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    Diamond Member adrianh's Avatar
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    Quote Originally Posted by AndyD View Post
    Commercial machines like laser cutters CNC's and saws shouldn't auto restart when power is restored, it's poor and unsafe design if they do, there should always be a requirement for the operator to initiate the start up even after power fail and restore. Small plug-in devices like a soldering station are a bit different
    There is a vast difference between "shouldn't" and reality. Both my lasers have three switches; 1. Power for motion control 2. Power for pumps & fans. 3. Laser power. When the machine restarts after an outage then the following happens; 1. The motion controller homes and moves to its last position, the fans & pumps start & the laser power supply is given power. Now, the laser will not fire but, the motion controller may already have crashed the head.

    A compressor is another example. The machine will happily restart because the power switch is locked on. Many handheld tools have trigger locks that keep the machines powered when the user takes his hand off the trigger. Yes I agree that you have to be a bit doff to leave the lock on the belt sander when you get a trip but the fact remains that the lock will remain in place and start the machine if left in that state.
    How easily someone is offended is directly proportional to how stupid they are.
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    Diamond Member Justloadit's Avatar
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    Quote Originally Posted by adrianh View Post
    Yes I agree that you have to be a bit doff to leave the lock on the belt sander when you get a trip but the fact remains that the lock will remain in place and start the machine if left in that state.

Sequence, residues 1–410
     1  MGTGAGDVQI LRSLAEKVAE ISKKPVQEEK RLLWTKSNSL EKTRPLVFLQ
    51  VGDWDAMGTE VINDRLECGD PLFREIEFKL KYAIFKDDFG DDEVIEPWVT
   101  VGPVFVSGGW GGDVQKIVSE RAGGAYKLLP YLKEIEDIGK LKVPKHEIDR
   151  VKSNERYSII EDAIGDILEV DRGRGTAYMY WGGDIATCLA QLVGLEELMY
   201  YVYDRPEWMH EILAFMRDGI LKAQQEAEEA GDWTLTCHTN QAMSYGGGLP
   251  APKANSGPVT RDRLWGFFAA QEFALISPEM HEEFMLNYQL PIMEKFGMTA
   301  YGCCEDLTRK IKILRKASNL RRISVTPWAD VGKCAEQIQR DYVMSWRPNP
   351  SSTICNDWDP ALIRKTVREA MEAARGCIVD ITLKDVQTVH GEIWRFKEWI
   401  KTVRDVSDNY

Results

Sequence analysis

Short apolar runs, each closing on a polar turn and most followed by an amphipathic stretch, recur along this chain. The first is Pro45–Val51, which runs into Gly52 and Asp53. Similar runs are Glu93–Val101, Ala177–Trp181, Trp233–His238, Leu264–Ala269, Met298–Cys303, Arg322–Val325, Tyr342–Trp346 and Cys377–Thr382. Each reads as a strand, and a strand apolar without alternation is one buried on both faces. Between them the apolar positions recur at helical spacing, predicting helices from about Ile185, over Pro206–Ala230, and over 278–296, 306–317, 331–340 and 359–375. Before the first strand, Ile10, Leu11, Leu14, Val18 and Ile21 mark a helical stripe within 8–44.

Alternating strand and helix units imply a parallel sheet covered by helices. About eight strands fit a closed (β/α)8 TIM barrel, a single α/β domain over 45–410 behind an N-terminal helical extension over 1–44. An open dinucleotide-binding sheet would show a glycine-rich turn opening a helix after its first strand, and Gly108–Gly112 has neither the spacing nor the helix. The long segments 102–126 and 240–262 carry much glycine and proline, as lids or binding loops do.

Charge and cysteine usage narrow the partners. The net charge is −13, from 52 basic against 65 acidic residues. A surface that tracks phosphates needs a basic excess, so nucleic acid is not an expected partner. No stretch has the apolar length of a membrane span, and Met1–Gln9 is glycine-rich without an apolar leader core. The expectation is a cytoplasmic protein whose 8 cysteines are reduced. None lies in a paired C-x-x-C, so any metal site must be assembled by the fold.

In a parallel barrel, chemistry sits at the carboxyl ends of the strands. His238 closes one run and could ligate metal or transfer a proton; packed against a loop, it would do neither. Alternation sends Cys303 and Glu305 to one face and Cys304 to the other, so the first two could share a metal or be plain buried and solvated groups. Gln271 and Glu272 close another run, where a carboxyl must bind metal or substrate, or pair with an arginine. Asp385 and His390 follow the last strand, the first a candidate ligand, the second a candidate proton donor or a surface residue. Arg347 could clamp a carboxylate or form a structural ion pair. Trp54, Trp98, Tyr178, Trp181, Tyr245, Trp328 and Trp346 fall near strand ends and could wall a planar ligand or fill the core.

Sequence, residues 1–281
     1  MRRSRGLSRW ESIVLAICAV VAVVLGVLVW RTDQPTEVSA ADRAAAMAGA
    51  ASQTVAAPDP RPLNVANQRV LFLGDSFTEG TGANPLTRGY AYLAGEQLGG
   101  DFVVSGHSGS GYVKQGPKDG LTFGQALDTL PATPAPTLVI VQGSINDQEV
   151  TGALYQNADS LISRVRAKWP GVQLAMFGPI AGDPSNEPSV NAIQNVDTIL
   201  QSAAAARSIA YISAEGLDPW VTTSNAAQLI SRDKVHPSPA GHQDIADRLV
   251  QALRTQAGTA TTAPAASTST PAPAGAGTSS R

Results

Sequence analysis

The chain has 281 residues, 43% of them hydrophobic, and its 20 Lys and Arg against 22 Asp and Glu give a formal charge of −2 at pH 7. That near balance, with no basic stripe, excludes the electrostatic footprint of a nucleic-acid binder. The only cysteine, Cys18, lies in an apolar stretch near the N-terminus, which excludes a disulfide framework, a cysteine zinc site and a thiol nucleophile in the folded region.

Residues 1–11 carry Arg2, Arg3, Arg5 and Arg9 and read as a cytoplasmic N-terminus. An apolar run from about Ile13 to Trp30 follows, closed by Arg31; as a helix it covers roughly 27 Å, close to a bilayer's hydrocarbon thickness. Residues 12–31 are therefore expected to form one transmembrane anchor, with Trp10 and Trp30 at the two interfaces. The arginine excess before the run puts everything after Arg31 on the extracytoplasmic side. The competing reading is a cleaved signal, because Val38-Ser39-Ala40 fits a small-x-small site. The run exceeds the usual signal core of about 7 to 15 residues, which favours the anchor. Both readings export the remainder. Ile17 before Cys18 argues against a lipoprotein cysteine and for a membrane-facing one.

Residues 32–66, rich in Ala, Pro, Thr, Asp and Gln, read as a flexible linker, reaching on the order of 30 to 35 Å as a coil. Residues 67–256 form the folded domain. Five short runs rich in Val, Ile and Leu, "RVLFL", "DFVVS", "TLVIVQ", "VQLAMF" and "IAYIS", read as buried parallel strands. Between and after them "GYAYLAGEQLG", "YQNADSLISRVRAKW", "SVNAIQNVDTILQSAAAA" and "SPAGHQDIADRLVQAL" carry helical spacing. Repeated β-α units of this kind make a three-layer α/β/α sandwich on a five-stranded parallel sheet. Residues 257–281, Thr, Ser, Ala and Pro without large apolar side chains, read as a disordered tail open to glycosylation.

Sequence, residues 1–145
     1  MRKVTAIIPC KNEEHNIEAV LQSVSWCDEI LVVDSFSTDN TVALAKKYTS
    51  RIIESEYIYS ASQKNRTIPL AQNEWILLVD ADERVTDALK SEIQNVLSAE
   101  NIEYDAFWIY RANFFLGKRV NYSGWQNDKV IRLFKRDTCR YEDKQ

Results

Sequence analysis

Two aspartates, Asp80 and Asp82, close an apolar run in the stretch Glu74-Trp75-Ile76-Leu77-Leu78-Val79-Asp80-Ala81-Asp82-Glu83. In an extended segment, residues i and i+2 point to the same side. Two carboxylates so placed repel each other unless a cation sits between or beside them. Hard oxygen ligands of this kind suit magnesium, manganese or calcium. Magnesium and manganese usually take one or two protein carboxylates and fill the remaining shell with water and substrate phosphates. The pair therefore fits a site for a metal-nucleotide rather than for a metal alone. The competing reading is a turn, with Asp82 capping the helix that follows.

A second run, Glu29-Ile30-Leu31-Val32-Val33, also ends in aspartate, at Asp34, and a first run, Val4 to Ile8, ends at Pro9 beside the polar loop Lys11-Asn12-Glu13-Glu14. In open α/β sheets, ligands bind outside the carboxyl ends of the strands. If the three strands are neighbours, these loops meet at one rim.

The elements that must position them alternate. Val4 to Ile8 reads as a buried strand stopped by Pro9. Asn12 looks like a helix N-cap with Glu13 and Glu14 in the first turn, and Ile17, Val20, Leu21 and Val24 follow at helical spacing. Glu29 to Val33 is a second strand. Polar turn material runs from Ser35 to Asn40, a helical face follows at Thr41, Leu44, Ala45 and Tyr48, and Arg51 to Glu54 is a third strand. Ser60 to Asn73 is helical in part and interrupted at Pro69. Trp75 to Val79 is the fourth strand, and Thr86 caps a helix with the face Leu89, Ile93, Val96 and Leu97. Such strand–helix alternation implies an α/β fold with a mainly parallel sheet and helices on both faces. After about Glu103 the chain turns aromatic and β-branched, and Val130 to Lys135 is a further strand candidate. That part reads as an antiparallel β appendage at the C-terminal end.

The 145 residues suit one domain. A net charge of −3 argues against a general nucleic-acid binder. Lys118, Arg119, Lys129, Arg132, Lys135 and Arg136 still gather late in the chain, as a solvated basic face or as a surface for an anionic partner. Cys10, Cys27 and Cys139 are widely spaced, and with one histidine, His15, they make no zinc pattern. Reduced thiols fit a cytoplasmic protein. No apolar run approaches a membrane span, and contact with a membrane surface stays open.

To avoid this requires forward thinking, unfortunately the majority do not have this ability.
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    Silver Member bones's Avatar
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    i got a gas stove installing a gas water heater next

    but opted for lights you basically charge all the time
    when the power goes out they switch on and is good
    for about 3 to 4 hours depending on the mode the
    one i got has two settings and cost me about R400
    each at a local sale got 30% off they are crap but
    they work a inverter system is expensive

    the cost of the inverter the cost of the batteries
    the cost of the electrician adds up to about R24k
    to R50k the led chargeable lights cost me R400
    each plug them in no big brain required

    i got 4 of them and combined they do a good job but
    as a single unit they are crap but replacing them is
    cheaper then replacing a single battery

    the generator deals with all the heavies so total cost
    R3.5k for the generator and about R2k for the lights
    total cost R5.5k got a powerful laptop if we have to
    work at night

    i saw the same type of lights at Game store for
    about same price give or take R50

  10. #10
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    i wouldnt install the inverter and batteries in the roof space,it is a possible fire hazard.